Following a slip and fall injury in Port Charlotte, you may be left with a variety of injuries. Our team may be able to help you recover compensation from the liable party responsible for the loose floorboards that caused your accident. While looking to recover compensation, the Law Offices of Anidjar & Levine can monetize all of your damages and present your settlement demands to the opposing insurance company or legal team.
Some of your damages from a loose floorboard injury may include, but are not limited to:
- Current medical costs
- Future medical costs
- Lost wages
- Missed future wages
- Loss of consortium
- Property damage
- Pain and suffering
- Emotional distress
With proper medical evidence, our attorneys can help you prove that you suffered related injuries that you are looking to be compensated for in a personal injury claim. Without medical records, it may be difficult to prove your claim.
You may also need witness testimony to prove that you were an invitee or a licensee and not trespassing. Testimony from an eyewitness can also prove that you were injured through no fault of your own due to the property owner’s negligence in addressing the loose floorboards.
According to Florida Statutes 95.11, the statute of limitations to file a personal injury claim based on negligence is within four years. This gives you some time to gather all necessary evidence and testimony before presenting your claim against the property owner. Although it is best to file a claim as soon as you are able after the accident while the details of what happened are still fresh in your mind. Call the Law Offices of Anidjar & Levine today at 1-800-747-3733 for a free case review.
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Acting as a Trespasser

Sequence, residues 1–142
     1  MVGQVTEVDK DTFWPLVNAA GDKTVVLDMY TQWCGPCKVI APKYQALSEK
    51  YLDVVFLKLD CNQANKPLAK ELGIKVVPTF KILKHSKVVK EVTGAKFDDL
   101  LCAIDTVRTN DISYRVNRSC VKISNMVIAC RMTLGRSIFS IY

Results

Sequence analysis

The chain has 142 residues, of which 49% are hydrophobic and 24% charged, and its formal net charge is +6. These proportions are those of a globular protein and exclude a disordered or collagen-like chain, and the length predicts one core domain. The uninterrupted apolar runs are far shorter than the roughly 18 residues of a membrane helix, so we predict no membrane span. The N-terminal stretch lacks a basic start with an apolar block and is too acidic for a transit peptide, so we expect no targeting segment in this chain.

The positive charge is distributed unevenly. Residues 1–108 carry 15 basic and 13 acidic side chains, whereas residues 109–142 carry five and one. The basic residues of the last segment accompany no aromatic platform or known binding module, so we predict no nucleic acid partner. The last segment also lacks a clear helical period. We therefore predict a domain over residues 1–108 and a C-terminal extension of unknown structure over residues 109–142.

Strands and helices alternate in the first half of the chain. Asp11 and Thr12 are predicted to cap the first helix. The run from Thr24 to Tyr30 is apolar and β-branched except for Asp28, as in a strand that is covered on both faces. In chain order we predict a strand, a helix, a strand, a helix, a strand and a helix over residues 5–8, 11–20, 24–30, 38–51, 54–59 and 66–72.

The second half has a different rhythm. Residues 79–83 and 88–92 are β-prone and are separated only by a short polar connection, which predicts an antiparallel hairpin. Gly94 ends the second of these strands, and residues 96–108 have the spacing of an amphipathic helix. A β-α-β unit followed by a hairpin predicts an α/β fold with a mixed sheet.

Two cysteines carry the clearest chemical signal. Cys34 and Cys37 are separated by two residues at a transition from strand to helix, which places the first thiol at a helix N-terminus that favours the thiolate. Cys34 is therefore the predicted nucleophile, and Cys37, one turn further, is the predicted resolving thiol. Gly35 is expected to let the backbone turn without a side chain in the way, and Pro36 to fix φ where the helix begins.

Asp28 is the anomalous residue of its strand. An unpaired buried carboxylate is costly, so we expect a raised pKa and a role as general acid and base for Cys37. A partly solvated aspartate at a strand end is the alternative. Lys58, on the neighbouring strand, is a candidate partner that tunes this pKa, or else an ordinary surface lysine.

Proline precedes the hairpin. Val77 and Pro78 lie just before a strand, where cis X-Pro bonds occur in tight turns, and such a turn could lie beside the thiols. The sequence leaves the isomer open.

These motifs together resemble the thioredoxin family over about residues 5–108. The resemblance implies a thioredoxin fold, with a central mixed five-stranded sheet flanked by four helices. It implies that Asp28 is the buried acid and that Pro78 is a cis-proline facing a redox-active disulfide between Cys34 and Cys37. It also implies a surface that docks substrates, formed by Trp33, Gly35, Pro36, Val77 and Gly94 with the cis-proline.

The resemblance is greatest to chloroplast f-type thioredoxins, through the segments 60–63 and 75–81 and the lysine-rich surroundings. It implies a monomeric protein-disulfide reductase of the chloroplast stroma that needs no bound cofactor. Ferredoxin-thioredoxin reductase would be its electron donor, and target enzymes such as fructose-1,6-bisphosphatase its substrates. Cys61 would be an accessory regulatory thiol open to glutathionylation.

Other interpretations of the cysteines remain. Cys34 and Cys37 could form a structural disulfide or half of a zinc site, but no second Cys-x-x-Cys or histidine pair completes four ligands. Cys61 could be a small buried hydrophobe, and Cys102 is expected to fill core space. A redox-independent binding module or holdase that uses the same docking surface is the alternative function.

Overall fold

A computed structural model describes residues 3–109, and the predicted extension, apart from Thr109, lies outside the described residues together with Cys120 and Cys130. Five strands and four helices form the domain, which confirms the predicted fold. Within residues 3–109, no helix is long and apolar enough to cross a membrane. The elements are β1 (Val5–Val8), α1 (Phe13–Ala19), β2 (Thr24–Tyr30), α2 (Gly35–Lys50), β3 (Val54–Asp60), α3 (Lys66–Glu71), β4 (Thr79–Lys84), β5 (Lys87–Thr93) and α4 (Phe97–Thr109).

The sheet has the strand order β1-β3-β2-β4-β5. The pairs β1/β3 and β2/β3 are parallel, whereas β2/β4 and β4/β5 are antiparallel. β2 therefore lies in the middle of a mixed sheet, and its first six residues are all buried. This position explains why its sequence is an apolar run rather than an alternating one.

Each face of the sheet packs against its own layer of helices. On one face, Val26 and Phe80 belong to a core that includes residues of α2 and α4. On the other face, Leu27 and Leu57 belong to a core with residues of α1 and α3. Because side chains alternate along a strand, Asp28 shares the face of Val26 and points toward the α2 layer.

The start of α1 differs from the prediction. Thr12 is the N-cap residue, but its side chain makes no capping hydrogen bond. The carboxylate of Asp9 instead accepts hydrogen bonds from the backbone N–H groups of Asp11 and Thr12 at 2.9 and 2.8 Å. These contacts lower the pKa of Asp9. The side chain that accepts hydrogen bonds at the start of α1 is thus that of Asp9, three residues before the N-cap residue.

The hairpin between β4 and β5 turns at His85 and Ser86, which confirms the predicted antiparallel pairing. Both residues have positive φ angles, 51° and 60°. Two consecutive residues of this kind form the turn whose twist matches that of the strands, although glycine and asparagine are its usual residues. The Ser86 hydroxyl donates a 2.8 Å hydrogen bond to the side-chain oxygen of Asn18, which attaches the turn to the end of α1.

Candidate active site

If it is discovered that you acted as a trespasser on the owner’s property, you may miss out on your legal recourse opportunities with a personal injury claim. Property owners are generally not liable for injuries inflicted upon a trespasser, because they are not required to provide a duty of care.
If you were not a trespasser, you would still have to prove that the property owner owed you a duty of care at their establishment. Other elements you must prove under the basis of negligence are a breach of duty, causation, and damages that you have suffered due to the conditions.
Additionally, if you ignored any warning signs while still acting as an invitee or licensee on public property, a Florida court might also find you to be partially responsible for your injuries.
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Reach Out to a Port Charlotte Loose Floorboards Lawyer Today
At the Law Offices of Anidjar & Levine, we can investigate your premises liability claim during a free case review to determine if you have a legitimate case against a property owner. We can help you establish negligence and help you prove that the property owner had previous knowledge of the hazard or condition. To begin your free consultation, call a member of our team today at 1-800-747-3733. We go the extra mile for victims injured by someone else’s negligence.